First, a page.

COLUMBIA — On the eve of his team’s first practice of the spring, Missouri coach Gary Pinkel was decidedly energetic, upbeat and positive, not that last season gave him any reason to feel that way.
By TEREZ A. PAYLOR
The Kansas City Star
Yet, Pinkel — who spoke about a variety of topics in his office on Monday — made it clear that not only had the sting of a 5-7 season not yet worn off, but he also has attacked the offseason the only way he knows how: with a familiar mantra that has become synonymous with his 13-year tenure as coach.
“I think there’s kind of a relief,” Pinkel said. “You get to go work and do something about it. If you’re a competitor, it’s the first time in eight years we haven’t been to a bowl game, so ... it was difficult. And it should be.
“But … even when we were building our program, and the tough years we had building, we’d always go back to the process of every day doing things right. I know it’s boring, but it’s the truth. What we do and the attitude that we take.”
So yes, Pinkel has continued to follow his program-building guidebook, the one he learned firsthand from former Washington legend Don James. It has, for the most part, served him well at Missouri, where he has compiled a 90-61 overall record since his arrival in 2000.
“When you have some adversity,” Pinkel said, “you focus on your foundation.”
Which means analyzing every single aspect of your program, starting with the offense. The group struggled mightily last season, and while injuries played a large role — seven of the Tigers’ top ten linemen missed significant time — there was much debate about whether the Tigers’ spread offense could work in the traditionally defensive-minded Southeastern Conference.
But Pinkel — who has tabbed co-offensive line coach Josh Henson to replace trusted assistant and offensive coordinator David Yost, who resigned in December — made it clear that while the Tigers’ offense might be altered, they won’t stray too far from their spread heritage.
“I think (Texas) A&M has proved ... you can run a spread offense in this league and be successful,” Pinkel said.
Pinkel did add, though, that with starting tight end Eric Waters back, and promising redshirt freshman Sean Culkin added to the mix, Missouri may look to utilize the tight end a little bit more in sets where he’s not spread out.
“It’s hard to say now, exactly, but it would be fair and accurate it would probably be less empty,” said Pinkel, who also hinted at the possibility of more play-action passes.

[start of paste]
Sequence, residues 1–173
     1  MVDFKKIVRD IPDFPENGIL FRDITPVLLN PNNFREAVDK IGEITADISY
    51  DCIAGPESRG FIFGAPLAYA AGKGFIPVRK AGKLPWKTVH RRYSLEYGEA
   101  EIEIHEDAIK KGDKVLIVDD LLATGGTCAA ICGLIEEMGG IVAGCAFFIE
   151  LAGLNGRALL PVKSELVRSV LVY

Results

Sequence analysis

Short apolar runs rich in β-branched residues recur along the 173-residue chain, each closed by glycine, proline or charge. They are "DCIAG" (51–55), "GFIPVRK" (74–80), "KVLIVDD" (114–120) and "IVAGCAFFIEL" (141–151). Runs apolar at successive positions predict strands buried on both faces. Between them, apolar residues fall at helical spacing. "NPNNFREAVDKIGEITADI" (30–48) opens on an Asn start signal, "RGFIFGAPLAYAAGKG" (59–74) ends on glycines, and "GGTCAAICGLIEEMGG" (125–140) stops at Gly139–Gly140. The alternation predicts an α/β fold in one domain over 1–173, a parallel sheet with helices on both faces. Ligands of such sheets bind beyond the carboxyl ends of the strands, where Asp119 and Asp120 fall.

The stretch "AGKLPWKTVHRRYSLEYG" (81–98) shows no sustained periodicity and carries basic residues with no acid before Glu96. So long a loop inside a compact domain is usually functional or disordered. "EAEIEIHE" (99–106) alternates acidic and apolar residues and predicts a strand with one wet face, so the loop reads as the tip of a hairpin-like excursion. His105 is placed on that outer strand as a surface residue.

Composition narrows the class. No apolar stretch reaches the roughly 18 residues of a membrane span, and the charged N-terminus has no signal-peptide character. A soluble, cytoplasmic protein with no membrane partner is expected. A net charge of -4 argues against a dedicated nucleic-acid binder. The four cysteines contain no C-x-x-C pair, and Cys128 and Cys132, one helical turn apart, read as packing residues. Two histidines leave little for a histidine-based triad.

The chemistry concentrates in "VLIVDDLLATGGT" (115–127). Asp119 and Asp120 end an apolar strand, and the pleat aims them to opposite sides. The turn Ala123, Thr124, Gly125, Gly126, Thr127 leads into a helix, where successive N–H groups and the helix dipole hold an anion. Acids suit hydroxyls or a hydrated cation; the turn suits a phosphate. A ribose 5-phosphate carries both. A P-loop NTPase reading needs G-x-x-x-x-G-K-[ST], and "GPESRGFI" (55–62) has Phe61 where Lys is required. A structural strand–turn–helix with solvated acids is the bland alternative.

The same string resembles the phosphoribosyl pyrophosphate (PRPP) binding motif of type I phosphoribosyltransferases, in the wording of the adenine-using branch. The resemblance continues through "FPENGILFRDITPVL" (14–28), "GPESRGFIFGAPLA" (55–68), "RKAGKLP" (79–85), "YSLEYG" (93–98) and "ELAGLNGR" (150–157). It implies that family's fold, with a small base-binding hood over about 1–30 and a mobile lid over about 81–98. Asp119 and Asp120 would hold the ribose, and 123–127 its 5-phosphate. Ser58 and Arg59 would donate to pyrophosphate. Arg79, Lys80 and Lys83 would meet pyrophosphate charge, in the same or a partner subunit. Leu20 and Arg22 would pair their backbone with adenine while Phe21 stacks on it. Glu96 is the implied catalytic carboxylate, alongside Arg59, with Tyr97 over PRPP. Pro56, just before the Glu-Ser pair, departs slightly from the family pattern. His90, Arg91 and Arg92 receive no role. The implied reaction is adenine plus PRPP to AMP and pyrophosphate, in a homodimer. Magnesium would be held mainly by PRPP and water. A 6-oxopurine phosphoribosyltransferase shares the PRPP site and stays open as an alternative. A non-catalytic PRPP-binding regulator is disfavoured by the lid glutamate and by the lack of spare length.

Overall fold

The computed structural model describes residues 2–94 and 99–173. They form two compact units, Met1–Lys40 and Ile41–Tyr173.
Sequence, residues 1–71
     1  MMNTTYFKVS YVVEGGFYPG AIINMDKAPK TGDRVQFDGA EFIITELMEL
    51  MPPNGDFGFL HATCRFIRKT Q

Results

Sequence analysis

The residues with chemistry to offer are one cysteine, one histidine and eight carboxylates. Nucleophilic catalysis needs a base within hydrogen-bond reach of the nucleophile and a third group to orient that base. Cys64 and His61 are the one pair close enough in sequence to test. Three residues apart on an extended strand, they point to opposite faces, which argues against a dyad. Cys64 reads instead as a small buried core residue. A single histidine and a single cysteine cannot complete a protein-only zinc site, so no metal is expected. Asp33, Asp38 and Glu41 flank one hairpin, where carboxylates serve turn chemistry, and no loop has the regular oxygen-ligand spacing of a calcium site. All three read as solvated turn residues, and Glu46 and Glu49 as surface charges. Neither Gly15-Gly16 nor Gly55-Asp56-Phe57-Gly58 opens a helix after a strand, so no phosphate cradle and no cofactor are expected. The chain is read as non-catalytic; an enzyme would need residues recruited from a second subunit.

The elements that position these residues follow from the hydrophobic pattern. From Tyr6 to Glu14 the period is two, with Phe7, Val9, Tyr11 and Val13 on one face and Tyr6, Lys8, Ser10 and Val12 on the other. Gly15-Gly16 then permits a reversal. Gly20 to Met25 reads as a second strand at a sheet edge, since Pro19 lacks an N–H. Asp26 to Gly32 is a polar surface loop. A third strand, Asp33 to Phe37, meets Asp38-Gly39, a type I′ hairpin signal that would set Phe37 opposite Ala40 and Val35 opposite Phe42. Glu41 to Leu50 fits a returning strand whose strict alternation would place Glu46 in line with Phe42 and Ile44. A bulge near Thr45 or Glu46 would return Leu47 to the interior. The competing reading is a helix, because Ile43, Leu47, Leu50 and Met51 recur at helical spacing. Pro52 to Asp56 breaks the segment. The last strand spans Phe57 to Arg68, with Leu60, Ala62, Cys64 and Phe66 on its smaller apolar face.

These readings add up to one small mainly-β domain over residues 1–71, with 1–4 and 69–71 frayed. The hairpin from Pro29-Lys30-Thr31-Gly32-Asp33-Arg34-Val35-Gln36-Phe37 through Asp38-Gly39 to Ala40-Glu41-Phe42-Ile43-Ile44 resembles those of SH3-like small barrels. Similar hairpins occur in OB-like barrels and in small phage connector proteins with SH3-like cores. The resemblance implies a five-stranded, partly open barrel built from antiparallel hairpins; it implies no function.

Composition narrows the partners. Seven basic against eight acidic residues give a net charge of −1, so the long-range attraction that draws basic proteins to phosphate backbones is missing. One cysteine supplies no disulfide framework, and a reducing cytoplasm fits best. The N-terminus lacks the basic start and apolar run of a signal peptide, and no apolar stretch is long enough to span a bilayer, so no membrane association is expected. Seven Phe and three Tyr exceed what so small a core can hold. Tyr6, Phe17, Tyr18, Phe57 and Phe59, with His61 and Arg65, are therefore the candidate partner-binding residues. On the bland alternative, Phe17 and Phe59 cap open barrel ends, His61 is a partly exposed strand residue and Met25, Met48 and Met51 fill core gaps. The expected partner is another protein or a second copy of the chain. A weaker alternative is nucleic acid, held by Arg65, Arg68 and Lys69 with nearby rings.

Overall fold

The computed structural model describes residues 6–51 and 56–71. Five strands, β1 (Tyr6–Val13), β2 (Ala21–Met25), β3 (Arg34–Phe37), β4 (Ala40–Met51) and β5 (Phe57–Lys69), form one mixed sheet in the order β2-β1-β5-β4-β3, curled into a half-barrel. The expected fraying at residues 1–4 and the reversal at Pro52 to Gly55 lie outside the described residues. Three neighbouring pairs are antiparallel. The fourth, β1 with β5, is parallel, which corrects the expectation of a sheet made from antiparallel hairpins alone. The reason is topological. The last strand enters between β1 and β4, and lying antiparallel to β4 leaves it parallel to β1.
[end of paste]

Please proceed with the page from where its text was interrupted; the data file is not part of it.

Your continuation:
Of course, none of that matters if Pinkel can’t find the right triggerman to get his athletes the ball. While senior James Franklin, a two-year starter, is listed atop the pre-spring depth chart after a disappointing and injury-plagued campaign, Pinkel made it clear that backups Corbin Berkstresser, a redshirt sophomore, and Maty Mauk, a redshirt freshman, will have a chance to compete for the job.
“In this situation, without what I call ... (an) ‘established’ quarterback, we’ll pretty much, with those top three guys, just have even reps with those 1s, 2s, 3s and just keep rolling them right through,” Pinkel said.
Pinkel spoke highly of Mauk, a three-star prospect out of Kenton, Ohio, who posted some gaudy numbers in high school out of a spread offense.
“He’s a really competitive player; that’s an understatement,” Pinkel said. “He’s got a very strong arm, can throw the ball 75 yards.”
And while Pinkel said it’s unclear how long it will take him to settle on a starting quarterback, he again offered up as an example the 2002 season, when freshman Brad Smith beat out a senior and three-year starter at quarterback in Kirk Farmer. That season stands as proof, he said, that he and his staff will pick the best guy, regardless of experience.
“At the end of spring, will we be able to say, ‘Oh, it’s a tie between these two guys?’ Or is one going to shine more than the other? I don’t know,” Pinkel said. “The most experienced player out there who, at times, has played at a very high level, was obviously James. But what I’m going to do is what I’ve always done in these situations, which is let the players determine how it turns out … and make sure there’s a real balance there in how you evaluate them.”
Pinkel, meanwhile, is optimistic that fixing the offense will help a defense that returns six starters from a unit that certainly had its moments last season but was a bit up and down.
“As the season went on, I thought our offensive problems and inability to score points … took a toll on our defense,” Pinkel said. “Our defense was out there a lot. I personally think our defense was much better than our stats reveal, but it is what it is. No excuses.”
Which might as well be the mantra for the 2013 season. Pinkel repeated multiple times Monday that he is “dedicated” and “driven” to reverse Missouri’s fortunes this year through good, old-fashioned hard work, a process that will begin at 3:30 p.m. on Tuesday, when Missouri hits the practice field for the first time this spring.
But considering the toll injuries took on last year’s team, the 60-year old Pinkel — who said he feels as good as he did when he was 40, and isn’t considering retirement — also wouldn’t mind being the recipient of some good fortune.
“I’m saying more prayers this year,” Pinkel said with a laugh. “It would be nice if we could stay healthy.”
To reach Terez A. Paylor, send email to firstname.lastname@example.org or call 816-234-4489. Follow him at Twitter.com/TerezPaylor.